Unity

This Occupy New Mexico website exists to help connect and unify the Occupy / (un)Occupy movement and allies throughout New Mexico. This page is presented with the purpose of beginning a discussion about the principles of unity, solidarity and autonomy that serve as the foundation for our common movement. It is hoped that all Occupy / (un)Occupy groups and allies in New Mexico will deliberate on those principles that unite us, as one crucial step toward the creation of a unified statewide Coalition that can successfully advocate and mobilize for the common interests of the 99%. We realize that this page is merely one starting point, and much more of the hard work of building unity must take place through our General Assemblies, in our communities, and through the actions we take in mutual aid and solidarity with one another which help to generate collective empowerment. As a source for further reflection and discussion, below we share principles of unity, solidarity and autonomy that have been adopted through consensus-based decision by various General Assemblies of the Occupy movement.

(un)Occupy Albuquerque Points of Unity (aka Camp or Movement Agreements) Most were developed and consensed on at their first General Assembly on Saturday, Oct. 1, 2011 – the list was added to in General Assemblies within their first few weeks.
1. We do not accept monetary donations.
2. We practice anti-oppression politics.
3. We are nonviolent.
4. We are positive and proactive.
5. We use 100% consensus decision-making process.
6. We have no spokesperson or leader.
7. We respect the land and each other.
8. We do not use illegal drugs, drink alcohol, or smoke cigarettes on site.
9. We are aware of our public image.
10. We take care of our personal belongings.
11. We are non-hierarchical.

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Principles of Solidarity – New York City General Assembly

What follows is a living document that will be revised through democratic process of General Assembly.

On September 17, 2011, people from all across the United States of America and the world came to protest the blatant injustices of our times perpetuated by the economic and political elites.  On the 17th we as individuals rose up against political disenfranchisement and social and economic injustice.  We spoke out, resisted, and successfully occupied Wall Street.  Today, we proudly remain in Liberty Square constituting ourselves as autonomous political beings engaged in non-violent civil disobedience and building solidarity based on mutual respect, acceptance, and love.  It is from these reclaimed grounds that we say to all Americans and to the world, Enough!  How many crises does it take?  We are the 99% and we have moved to reclaim our mortgaged future.Through a direct democratic process, we have come together as individuals and crafted these principles of solidarity, which are points of unity that include but are not limited to:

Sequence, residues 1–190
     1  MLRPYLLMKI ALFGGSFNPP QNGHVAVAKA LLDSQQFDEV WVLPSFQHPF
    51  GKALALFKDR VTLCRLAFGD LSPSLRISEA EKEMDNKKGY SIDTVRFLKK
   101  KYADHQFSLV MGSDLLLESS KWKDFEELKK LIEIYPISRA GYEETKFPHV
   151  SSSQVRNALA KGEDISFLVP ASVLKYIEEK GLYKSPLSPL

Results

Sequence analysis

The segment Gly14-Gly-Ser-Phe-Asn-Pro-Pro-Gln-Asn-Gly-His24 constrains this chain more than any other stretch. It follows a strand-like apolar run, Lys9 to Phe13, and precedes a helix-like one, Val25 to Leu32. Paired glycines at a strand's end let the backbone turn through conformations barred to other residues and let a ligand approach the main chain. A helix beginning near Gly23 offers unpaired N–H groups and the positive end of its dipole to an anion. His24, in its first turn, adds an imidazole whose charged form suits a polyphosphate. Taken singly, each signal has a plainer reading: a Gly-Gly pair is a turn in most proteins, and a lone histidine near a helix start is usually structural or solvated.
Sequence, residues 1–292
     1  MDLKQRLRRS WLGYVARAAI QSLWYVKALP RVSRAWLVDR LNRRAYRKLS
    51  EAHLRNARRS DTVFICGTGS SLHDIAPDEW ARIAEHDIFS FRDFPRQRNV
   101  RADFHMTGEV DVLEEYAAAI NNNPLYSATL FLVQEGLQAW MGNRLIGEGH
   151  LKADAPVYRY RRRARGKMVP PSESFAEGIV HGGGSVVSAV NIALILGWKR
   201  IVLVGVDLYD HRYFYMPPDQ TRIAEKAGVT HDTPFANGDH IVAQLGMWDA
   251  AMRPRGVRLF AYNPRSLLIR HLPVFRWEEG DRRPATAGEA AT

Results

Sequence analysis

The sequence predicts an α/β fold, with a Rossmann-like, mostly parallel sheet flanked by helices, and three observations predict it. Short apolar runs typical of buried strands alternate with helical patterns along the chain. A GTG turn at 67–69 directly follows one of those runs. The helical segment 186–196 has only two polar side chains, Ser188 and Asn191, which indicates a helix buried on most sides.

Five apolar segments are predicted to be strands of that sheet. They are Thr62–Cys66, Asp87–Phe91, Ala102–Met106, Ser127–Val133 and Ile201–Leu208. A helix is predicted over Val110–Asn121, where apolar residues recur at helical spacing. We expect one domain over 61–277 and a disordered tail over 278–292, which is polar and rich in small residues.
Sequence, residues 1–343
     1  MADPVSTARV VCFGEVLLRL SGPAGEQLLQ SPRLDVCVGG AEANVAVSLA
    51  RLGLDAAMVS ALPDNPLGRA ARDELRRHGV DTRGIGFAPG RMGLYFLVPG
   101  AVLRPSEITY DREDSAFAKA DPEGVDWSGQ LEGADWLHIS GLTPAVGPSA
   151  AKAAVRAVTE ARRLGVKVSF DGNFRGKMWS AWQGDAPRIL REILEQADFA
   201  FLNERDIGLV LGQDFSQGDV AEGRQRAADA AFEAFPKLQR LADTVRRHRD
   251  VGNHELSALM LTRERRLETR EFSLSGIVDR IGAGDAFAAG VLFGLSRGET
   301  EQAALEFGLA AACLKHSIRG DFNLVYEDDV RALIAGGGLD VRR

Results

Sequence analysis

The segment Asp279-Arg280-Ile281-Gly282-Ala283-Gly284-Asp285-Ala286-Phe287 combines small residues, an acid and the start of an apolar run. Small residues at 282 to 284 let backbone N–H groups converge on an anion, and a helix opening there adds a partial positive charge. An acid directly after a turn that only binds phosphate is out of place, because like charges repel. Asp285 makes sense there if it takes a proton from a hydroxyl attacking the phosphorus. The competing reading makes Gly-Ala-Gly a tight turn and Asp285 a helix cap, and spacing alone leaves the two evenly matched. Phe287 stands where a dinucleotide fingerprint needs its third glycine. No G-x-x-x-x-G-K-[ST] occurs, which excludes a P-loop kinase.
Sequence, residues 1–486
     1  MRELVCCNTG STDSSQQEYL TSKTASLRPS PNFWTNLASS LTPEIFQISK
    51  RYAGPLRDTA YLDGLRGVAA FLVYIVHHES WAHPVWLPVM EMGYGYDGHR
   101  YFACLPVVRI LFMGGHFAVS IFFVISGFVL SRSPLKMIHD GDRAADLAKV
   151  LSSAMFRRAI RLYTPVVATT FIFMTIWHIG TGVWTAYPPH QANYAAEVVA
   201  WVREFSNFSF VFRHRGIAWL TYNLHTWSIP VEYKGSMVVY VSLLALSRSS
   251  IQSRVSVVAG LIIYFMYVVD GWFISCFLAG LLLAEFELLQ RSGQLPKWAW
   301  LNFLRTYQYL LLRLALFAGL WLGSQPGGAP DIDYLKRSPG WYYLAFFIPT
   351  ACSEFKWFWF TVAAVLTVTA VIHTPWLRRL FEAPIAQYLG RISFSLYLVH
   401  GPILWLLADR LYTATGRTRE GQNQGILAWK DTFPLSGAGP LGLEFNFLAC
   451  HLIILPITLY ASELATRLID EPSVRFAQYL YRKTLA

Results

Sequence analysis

• Engaging in direct and transparent participatory democracy;
  • Exercising personal and collective responsibility;
  • Recognizing individuals’ inherent privilege and the influence it has on all interactions;
  • Empowering one another against all forms of oppression;
  • Redefining how labor is valued;
  • The sanctity of individual privacy;
  • The belief that education is human right; and
  • Endeavoring to practice and support wide application of open source.

We are daring to imagine a new socio-political and economic alternative that offers greater possibility of equality.  We are consolidating the other proposed principles of solidarity, after which demands will follow.

1 The Working Group on Principles of Consolidation continues to work through the other proposed principles to be incorporated as soon as possible into this living document. This is an official document crafted by the Working Group on Principles of Consolidation. The New York City General Assembly came to consensus on September 23rd to accept this working draft and post it online for public consumption.
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Statement of Autonomy

Passed by the General Assembly at Occupy Wall Street

Occupy Wall Street is a people’s movement. It is party-less, leaderless, by the people and for the people. It is not a business, a political party, an advertising campaign or a brand.  It is not for sale.

We welcome all, who, in good faith, petition for a redress of grievances through non-violence. We provide a forum for peaceful assembly of individuals to engage in participatory as opposed to partisan debate and democracy.  We welcome dissent.

Any statement or declaration not released through the General Assembly and made public online at www.nycga.net should be considered independent of Occupy Wall Street.

We wish to clarify that Occupy Wall Street is not and never has been affiliated with any established political party, candidate or organization.  Our only affiliation is with the people.

The people who are working together to create this movement are its sole and mutual caretakers.  If you have chosen to devote resources to building this movement, especially your time and labor, then it is yours.

Any organization is welcome to support us with the knowledge that doing so will mean questioning your own institutional frameworks of work and hierarchy and integrating our principles into your modes of action.

SPEAK WITH US, NOT FOR US.

Occupy Wall Street values collective resources, dignity, integrity and autonomy above money.  We have not made endorsements.  All donations are accepted anonymously and are transparently allocated via consensus by the General Assembly or the Operational Spokes Council.